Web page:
Love over Gold
A flag, from 2017 onwards, is either on or off. Single flags (which indicates in TEF a difference that would not be considered significant in the HESA KPIs that use fundamentally the same data, of course) are given the same weight as double flags (the usual HESA KPI significant test – shown, confusingly, as a single flag in that release). Even given this, positive performance that vastly exceeds the benchmark gets the same credit as performance that is – at best – on the fringes of being confusable with random statistical noise.
This issue is compounded by the painful (but, so so on brand) insistence that any negative flag associated with a provider means it cannot get a Gold award as a starting point under any circumstances. There seems to be an acceptance of how problematic this is, the revised section 1a rules used in the last subject pilot in 2018 allowed a “Gold/Silver boundary” with a single (1.0 weight) negative flag. With masterful understatement, ONS sees it like this:
The TEF documentation seems to regard negative flags as something particularly important to consider, and as something very undesirable.
The main benefit of this approach would appear to be that it would make instinctual sense to a monumentally dim Secretary of State. In practice, a single non-significant drop below a benchmark should not take a provider out of the top category. ONS suggests gradations based on coordinates on a matrix instead of the hard and fast rules – it is right to.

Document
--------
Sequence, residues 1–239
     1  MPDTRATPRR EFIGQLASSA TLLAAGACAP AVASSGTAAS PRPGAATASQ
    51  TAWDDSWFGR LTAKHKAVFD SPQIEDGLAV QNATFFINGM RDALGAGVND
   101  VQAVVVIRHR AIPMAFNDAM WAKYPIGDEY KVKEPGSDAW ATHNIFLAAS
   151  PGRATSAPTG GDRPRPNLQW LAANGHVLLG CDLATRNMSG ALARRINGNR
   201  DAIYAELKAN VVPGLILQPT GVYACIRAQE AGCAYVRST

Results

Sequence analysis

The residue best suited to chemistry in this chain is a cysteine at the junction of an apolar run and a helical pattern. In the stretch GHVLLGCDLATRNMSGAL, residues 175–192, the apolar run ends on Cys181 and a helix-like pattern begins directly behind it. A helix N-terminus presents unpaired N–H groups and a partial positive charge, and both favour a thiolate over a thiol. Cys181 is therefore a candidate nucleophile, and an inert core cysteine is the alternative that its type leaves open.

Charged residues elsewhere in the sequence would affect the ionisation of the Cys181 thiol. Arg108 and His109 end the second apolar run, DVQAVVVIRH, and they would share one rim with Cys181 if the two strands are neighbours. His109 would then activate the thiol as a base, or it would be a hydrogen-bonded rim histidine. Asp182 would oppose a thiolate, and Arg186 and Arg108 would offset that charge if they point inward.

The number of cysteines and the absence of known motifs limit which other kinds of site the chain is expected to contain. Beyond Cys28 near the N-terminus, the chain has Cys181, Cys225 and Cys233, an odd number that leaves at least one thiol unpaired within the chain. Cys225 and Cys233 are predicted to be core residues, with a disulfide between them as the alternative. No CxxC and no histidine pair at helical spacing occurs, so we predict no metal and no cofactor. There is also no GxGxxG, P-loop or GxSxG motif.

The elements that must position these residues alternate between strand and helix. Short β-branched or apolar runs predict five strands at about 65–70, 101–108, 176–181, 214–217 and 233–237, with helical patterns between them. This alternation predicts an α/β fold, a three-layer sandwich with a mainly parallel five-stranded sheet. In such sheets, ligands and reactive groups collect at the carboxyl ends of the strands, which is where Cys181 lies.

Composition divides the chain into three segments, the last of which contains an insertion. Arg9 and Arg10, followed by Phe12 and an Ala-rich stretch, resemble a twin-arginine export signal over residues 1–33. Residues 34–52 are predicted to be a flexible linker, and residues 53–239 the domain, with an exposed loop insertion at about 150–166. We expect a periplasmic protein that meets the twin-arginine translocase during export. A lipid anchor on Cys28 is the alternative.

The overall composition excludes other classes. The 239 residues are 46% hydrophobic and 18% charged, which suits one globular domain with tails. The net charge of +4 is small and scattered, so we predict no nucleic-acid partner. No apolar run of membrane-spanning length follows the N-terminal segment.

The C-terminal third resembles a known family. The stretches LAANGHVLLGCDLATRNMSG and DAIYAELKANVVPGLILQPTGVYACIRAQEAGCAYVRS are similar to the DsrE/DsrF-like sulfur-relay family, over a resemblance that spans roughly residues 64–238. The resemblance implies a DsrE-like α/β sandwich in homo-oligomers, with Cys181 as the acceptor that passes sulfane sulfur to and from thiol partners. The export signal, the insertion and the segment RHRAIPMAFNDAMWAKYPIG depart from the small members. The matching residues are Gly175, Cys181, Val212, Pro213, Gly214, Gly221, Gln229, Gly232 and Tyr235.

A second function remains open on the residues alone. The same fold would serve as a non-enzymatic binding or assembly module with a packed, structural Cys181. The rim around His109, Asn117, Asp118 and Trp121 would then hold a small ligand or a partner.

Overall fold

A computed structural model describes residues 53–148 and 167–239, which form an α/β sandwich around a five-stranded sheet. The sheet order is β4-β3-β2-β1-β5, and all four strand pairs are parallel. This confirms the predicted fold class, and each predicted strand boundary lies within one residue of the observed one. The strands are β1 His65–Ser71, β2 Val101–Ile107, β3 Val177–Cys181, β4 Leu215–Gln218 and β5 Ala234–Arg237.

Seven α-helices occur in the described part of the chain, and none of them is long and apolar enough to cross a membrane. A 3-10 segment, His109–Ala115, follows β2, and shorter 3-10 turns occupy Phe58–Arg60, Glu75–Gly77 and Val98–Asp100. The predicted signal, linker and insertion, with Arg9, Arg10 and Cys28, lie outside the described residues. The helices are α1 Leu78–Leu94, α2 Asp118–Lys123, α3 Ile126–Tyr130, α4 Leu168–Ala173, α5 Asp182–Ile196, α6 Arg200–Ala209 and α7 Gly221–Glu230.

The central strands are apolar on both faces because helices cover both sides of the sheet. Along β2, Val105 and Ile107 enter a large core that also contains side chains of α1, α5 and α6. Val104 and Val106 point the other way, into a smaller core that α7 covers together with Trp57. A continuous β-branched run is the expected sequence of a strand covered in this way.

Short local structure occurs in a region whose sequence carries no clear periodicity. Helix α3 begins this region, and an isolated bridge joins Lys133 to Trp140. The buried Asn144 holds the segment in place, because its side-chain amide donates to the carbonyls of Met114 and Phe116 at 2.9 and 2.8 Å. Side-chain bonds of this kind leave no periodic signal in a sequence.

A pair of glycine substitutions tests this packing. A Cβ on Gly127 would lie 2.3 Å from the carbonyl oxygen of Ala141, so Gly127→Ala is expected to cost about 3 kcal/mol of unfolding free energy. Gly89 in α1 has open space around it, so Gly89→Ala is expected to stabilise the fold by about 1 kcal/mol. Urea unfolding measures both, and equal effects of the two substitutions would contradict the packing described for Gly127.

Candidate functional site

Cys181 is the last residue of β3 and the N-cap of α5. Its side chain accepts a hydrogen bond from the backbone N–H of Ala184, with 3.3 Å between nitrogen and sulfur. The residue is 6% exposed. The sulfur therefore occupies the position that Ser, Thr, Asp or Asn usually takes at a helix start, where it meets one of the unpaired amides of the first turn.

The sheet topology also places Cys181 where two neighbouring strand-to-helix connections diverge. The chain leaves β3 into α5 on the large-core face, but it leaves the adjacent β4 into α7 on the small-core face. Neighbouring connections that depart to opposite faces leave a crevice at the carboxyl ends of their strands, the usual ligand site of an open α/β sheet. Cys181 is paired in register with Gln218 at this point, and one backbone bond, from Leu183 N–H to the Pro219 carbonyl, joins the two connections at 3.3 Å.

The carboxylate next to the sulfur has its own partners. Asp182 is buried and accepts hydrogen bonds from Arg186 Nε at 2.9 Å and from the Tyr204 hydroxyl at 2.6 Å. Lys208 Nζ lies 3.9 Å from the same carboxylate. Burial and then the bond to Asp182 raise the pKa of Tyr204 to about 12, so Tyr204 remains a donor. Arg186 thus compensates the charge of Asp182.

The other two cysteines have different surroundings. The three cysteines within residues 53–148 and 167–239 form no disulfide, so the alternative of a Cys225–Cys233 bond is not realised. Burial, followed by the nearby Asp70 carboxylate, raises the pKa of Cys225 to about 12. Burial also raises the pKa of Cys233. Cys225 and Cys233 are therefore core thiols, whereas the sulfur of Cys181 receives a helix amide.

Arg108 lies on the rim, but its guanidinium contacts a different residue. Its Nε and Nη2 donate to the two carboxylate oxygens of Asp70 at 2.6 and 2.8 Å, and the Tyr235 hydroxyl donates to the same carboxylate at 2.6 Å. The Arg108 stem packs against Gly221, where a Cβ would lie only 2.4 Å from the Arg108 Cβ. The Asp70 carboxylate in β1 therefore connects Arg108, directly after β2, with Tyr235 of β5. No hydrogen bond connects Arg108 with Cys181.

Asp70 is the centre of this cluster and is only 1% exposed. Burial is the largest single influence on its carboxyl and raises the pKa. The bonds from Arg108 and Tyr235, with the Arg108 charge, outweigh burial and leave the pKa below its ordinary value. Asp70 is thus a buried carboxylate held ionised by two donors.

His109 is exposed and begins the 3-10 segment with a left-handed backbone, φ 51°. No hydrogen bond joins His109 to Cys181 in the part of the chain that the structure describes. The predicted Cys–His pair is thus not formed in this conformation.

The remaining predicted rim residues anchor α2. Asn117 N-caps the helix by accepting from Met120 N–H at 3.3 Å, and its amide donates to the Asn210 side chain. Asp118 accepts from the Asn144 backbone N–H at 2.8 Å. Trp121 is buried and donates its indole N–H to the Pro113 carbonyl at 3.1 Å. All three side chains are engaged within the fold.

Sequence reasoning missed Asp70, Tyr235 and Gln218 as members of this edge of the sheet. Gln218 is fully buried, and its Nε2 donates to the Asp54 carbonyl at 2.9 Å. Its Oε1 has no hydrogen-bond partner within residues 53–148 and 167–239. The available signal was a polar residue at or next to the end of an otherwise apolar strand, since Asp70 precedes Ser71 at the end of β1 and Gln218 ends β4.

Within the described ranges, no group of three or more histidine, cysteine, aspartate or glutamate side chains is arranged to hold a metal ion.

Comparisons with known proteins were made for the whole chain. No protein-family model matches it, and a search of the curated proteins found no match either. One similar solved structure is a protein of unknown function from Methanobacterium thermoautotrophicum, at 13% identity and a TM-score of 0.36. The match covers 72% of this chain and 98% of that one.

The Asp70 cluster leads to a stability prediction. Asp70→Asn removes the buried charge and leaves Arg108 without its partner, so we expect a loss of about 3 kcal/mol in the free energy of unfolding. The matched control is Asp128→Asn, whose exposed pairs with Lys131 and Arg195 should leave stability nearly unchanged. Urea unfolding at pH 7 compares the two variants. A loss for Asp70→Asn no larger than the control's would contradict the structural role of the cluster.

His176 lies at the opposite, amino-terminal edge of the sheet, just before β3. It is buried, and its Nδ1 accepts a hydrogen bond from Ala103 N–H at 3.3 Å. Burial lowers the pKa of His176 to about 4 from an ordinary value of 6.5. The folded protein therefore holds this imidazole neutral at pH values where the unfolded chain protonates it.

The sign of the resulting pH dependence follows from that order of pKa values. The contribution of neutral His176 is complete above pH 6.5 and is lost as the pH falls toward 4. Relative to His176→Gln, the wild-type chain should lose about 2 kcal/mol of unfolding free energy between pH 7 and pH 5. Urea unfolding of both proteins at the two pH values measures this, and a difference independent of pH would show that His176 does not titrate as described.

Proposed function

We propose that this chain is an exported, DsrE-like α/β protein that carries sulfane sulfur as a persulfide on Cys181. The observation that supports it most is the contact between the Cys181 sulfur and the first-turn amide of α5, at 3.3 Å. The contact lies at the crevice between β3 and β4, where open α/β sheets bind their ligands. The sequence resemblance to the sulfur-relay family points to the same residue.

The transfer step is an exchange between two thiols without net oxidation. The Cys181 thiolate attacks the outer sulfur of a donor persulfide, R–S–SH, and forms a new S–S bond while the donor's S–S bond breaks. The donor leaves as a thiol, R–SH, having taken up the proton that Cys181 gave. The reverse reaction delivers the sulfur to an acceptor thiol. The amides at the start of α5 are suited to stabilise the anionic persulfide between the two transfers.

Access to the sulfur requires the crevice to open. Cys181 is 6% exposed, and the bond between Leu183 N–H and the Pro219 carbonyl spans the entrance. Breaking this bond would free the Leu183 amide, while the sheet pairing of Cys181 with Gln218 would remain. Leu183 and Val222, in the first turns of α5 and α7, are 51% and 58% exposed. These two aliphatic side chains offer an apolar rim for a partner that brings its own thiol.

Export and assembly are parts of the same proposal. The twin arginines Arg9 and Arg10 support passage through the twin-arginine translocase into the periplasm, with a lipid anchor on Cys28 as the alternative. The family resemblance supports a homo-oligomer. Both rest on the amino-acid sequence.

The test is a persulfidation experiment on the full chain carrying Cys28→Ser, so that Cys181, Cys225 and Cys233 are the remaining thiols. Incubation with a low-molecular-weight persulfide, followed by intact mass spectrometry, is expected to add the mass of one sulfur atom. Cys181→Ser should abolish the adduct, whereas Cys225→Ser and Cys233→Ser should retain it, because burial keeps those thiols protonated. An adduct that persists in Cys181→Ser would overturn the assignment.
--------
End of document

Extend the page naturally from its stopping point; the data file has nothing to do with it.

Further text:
But here I am, going on about benchmarking like that is a thing. It would appear that there are serious doubts about the creation and use of benchmarks – both within TEF and more widely. There is a current ongoing OfS internal review of the practice, but the ONS characterises the issue in a particularly clear way:
The concern is that, despite benchmarking trying to ‘level the playing field’ by accounting for the mix of student characteristics present at each provider, there remain other factors that have an influence on the metrics’ reported indicator values that are neither included in the benchmarking factors nor are what TEF is seeking to measure.